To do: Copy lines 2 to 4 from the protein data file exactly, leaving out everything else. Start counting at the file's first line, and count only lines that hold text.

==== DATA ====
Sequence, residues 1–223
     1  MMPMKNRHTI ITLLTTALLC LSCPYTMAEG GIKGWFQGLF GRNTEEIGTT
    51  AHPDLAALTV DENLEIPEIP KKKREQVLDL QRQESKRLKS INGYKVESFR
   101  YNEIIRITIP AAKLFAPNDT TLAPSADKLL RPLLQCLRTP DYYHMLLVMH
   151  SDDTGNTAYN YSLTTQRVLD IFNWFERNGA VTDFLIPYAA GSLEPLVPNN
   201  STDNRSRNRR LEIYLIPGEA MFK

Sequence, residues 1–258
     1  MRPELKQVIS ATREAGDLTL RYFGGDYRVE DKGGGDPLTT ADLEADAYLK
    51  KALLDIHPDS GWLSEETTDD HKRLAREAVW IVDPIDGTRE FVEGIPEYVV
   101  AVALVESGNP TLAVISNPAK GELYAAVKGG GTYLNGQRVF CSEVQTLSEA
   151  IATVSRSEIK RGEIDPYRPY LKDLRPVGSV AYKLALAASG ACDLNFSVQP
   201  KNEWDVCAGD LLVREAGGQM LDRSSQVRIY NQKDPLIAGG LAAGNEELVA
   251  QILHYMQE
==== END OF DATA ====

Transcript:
     1  MMPMKNRHTI ITLLTTALLC LSCPYTMAEG GIKGWFQGLF GRNTEEIGTT
    51  AHPDLAALTV DENLEIPEIP KKKREQVLDL QRQESKRLKS INGYKVESFR
   101  YNEIIRITIP AAKLFAPNDT TLAPSADKLL RPLLQCLRTP DYYHMLLVMH